A $28.4 million chunk of federal money is coming to Albany’s U.S. Department of Agriculture Western Regional Re-search Center at 800 Buchanan St.
The funds, granted under the American Recovery and Reinvestment Act of 2009, will cover critical work at the center, said Agricultural Research Service (ARS) spokesperson Kim Kaplan.
Speaking from ARS headquarters in Beltsville, Md., Tuesday afternoon, Kaplan said the funds are part of the $176 million her agency received for critical deferred maintenance on existing facilities.
“For Albany, we’re using existing plans drawn up in two different years,” she said. All of the ARS funding is for what Kaplan called “off-the-shelf projects.”
Recovery Act funding for Albany includes $25.3 million for renovation of the electrical and plumbing systems and additional repairs for the facility’s South Wing Laboratories.
The additional $3 million will cover repairs at the main lab building and enclosures, including work on the fire detection and suppression systems, a new steam-heating distribution system, the lab hood exhaust systems and roof repairs.
Because the plans were drawn up several years ago, Kaplan said the first stage of work will be to bring the designs up to current building and design codes.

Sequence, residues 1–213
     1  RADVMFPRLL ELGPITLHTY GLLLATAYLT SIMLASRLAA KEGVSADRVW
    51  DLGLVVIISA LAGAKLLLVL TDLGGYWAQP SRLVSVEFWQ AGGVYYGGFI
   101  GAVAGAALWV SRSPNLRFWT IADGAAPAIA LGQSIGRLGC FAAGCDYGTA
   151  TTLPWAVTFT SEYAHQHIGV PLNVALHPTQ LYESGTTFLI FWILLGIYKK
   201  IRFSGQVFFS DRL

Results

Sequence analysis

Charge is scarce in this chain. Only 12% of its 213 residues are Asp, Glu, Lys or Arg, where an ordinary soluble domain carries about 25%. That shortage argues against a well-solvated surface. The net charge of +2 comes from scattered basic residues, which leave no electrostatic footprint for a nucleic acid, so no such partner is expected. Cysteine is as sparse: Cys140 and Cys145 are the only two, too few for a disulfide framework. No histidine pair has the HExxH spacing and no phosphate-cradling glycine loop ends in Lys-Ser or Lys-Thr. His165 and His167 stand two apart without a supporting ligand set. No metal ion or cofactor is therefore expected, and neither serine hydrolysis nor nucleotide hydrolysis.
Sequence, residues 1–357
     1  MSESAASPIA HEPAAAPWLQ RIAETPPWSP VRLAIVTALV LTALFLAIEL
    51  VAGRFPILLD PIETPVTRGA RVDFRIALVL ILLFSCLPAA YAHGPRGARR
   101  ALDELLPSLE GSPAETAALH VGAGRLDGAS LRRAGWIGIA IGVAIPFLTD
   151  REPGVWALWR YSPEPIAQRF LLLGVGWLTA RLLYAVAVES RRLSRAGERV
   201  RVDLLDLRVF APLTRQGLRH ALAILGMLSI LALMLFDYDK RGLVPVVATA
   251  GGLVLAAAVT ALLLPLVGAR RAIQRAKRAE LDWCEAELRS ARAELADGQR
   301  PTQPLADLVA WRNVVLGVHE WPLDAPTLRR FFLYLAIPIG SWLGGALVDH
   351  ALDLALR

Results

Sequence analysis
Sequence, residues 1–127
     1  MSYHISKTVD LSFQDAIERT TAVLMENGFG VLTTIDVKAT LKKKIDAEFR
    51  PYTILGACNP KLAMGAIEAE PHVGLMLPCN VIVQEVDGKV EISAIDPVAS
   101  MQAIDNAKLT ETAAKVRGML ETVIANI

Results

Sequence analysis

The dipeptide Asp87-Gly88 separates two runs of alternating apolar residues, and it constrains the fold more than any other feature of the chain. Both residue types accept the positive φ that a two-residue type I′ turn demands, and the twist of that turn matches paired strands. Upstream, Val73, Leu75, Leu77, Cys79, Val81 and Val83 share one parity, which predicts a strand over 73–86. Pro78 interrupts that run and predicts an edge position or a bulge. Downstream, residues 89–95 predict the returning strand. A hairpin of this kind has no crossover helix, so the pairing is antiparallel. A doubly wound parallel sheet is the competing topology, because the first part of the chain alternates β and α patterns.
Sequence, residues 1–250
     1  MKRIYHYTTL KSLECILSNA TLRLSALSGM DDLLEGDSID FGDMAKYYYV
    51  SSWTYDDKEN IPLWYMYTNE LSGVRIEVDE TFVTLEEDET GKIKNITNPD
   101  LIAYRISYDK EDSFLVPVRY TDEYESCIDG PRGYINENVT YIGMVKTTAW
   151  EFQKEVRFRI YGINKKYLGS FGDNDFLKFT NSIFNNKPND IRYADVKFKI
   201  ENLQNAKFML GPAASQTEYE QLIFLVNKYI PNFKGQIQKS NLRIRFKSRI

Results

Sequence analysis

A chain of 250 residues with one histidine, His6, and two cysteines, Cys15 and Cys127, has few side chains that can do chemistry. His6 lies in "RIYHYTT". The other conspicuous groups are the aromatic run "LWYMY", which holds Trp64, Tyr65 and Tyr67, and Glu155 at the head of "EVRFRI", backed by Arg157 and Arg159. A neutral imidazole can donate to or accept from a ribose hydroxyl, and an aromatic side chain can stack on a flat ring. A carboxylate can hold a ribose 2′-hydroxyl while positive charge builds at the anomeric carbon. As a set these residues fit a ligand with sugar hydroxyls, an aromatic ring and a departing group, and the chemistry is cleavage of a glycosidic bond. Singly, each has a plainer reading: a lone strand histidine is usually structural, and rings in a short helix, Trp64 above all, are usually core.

“As soon as they are updated, the plans will go out to bid, which we anticipate will happen by fall,” Kaplan said.
A deadline for the award of bids has been tentatively set for next February, with construction to start soon thereafter.
The estimated completion date is June 2012.
Using U.S. Department of Labor equations, Kaplan said the work may create as many as 309 construction jobs.
The research center is currently engaged on projects involving the creation of new plant varieties through genetic modification, research on new forms of plant-derived fuels, formulation of new food products and devising new food processing and packaging methods.
“The city is happy to see it happen,” said Judy Lieberman, Albany assistant city administrator. “The one thing I would hope to see would be a project that includes more energy efficiency.”
Though the source of the construction employees remains to be determined, Lieberman said bringing more jobs to the city should mean more business for restaurants and merchants along Solano and San Pablo avenues and—hopefully—perhaps some business for local construction suppliers as well.
“As far as I’m concerned, more power to ‘em. It’s a pretty old facility and it needs work,” she said.
The website announcing the grant contains a series of pictures revealing cracked concrete, stained walls and other reasons for the new construction.
For more on the center and the Recovery act grants, see http://www.ars. usda.gov/recovery/albany.htm.
The Albany facility received the second-largest sum under the ARS Recovery Act package, trailing only the $40.1 million allotment granted the National Center for Agricultural Utilization Research in Peoria, Ill.